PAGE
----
CNN anchor Brianna Keilar on Friday declared that it was “not normal” for Republicans in the House of Representatives to celebrate passage of a health care bill when it has not yet cleared the Senate.
Brianna Keilar became the latest journalist to suggest that it was inappropriate or unusual for Republicans to celebrate their hard-won passage of the American Health Care Act. She questioned why Rep. Ted Yoho (R-Fla.) and other GOP lawmakers trekked down to the White House after the vote.
“But you have to admit, congressman, that this is highly unusual for a bill that has not passed both chambers. Isn’t this like celebrating at halftime?”
“But you have to admit, congressman, that this is highly unusual for a bill that has not passed both chambers,” she said. “Isn’t this like celebrating at halftime?”
Yoho said it was appropriate.
“Yeah, that’s why you go into the huddle,” he said. “You go in to celebrate.”
Keilar pressed: “But this is not normal.”
Yoho said it was a “different presidency” and added that it was the sort of thing the House should do more of.
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The Republican reaction after voting to repeal the Affordable Care Act was not so different from the enthusiasm House Democrats showed after voting to pass it in 2009.
This is the way The New York Times reported the scene on that Saturday evening:
“On the House floor, Democrats exchanged high-fives and cheered wildly — and Republicans sat quietly — when the tally display showed the 218th and decisive vote, after the leadership spent countless hours in recent days wringing commitments out of House members.”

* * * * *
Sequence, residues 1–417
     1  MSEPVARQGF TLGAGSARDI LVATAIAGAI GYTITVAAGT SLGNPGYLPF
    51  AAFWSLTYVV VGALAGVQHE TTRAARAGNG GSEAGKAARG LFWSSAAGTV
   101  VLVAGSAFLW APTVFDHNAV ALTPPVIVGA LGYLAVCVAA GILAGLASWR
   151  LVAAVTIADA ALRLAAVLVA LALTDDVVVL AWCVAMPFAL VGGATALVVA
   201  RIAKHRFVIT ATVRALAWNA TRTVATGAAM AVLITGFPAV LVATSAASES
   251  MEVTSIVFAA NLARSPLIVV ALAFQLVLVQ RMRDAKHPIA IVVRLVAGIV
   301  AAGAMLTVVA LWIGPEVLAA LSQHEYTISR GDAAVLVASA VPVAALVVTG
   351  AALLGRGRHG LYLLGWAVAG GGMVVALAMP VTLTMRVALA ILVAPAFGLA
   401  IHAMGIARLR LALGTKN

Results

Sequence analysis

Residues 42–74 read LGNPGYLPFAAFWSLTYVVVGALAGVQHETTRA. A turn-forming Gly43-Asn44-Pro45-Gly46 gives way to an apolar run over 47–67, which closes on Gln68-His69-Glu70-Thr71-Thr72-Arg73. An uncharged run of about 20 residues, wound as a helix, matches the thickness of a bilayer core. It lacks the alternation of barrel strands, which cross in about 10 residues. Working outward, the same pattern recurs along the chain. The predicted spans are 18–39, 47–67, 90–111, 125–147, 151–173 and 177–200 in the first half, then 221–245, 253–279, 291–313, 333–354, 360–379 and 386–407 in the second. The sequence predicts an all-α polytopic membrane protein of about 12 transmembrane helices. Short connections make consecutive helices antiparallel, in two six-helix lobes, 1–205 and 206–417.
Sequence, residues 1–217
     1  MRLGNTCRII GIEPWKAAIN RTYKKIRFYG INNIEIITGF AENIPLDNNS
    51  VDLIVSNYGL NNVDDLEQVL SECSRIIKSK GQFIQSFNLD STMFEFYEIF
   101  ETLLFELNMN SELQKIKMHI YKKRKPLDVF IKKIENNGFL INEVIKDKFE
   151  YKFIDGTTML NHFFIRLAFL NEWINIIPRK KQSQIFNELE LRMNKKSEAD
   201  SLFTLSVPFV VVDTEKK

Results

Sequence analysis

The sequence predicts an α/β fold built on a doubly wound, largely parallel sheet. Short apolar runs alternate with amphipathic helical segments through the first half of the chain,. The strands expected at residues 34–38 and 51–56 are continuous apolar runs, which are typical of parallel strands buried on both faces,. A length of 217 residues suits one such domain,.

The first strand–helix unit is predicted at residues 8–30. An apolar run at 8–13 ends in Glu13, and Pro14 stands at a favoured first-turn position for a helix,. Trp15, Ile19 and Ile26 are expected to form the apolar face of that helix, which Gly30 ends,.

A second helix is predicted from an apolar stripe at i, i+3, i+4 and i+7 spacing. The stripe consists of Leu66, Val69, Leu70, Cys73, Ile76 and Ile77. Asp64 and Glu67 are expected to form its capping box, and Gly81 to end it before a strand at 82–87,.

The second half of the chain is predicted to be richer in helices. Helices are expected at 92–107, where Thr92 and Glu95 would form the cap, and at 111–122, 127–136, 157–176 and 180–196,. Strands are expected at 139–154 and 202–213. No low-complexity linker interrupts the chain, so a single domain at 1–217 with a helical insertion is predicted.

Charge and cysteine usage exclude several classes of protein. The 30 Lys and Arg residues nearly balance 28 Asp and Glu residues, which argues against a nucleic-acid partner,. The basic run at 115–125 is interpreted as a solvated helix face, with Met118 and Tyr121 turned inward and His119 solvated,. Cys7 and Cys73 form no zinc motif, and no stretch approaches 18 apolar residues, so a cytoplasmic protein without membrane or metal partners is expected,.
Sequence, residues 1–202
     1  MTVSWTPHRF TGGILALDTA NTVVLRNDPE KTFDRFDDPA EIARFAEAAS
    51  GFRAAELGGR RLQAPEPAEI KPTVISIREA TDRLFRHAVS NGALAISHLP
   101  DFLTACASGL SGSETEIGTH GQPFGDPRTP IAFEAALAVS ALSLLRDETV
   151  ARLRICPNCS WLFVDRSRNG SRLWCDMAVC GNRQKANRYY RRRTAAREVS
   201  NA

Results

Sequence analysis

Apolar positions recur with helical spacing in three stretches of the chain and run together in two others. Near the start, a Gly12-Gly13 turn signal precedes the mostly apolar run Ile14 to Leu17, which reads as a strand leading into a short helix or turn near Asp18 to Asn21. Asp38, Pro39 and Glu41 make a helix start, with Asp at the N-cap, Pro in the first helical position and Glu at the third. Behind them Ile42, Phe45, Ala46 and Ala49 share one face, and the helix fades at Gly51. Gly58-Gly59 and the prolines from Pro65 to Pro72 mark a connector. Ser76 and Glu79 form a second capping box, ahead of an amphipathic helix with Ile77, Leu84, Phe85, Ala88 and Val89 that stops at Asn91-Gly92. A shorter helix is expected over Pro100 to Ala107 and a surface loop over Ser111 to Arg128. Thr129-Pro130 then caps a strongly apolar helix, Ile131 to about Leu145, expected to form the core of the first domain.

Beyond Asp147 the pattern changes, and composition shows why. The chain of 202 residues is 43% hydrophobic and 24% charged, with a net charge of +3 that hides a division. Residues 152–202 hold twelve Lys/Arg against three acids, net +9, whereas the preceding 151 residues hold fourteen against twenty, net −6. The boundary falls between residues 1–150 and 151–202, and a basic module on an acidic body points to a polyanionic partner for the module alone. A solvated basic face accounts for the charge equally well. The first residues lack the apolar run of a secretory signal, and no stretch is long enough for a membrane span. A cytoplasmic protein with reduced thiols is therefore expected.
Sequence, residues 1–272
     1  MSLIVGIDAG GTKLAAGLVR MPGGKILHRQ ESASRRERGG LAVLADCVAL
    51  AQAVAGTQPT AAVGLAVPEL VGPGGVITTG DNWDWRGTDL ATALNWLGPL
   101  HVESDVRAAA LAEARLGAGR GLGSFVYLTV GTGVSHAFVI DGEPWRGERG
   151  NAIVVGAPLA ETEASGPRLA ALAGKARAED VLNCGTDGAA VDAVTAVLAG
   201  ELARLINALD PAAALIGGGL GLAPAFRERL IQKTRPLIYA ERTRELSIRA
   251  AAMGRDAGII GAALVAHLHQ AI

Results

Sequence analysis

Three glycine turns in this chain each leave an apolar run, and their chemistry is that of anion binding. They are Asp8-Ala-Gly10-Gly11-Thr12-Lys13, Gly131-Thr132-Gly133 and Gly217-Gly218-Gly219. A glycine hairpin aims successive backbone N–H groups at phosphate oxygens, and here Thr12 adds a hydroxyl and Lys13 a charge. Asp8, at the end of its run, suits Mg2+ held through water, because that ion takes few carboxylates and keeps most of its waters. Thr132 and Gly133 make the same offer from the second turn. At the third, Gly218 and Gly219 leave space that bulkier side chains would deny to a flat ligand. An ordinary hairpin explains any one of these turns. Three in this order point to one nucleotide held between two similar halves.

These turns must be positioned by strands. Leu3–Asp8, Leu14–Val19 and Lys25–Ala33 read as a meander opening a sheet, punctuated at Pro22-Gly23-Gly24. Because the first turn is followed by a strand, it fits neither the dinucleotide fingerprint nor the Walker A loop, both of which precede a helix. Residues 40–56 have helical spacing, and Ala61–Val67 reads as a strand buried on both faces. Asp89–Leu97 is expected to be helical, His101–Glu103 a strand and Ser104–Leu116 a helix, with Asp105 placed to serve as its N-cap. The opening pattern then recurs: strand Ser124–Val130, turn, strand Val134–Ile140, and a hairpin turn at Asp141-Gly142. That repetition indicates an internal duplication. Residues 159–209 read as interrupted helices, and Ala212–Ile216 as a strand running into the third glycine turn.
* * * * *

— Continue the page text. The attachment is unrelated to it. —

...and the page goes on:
Video from the vote shows Democrats lustily counting down the seconds until voting closed and then erupting into wild cheers and clapping. Then-Speaker Nancy Pelosi (D-Calif.) couldn’t contain her glee as she announced, “The yays are 220, the nays are 215. The bill is passed.”
Democratic representatives did not go to the White House afterward, but then-President Barack Obama did go to the Capitol to “answer the call of history,” as the Times put it.
The Times stated that Obama made his “rare weekend appearance on Capitol Hill as part of an all-out effort to rally Democrats” to support the bill.
The bill at the time was still a long way from the president’s desk. Like the American Health Care Act now, it still had an arduous path to the Senate, negotiations in a House-Senate conference committee, and then votes in both houses on the final language. Success was far from guaranteed. Yet Democrats celebrated because passing a controversial, major piece of legislation in even one chamber is a big political accomplishment.
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There was one big difference between 2009 and 2017. In 2009, disappointed Republicans sat quiet. This week, Democrats taunted Republicans, chanting, “Hey, hey, hey, goodbye” to signify that Republicans supposedly signed their political deaths.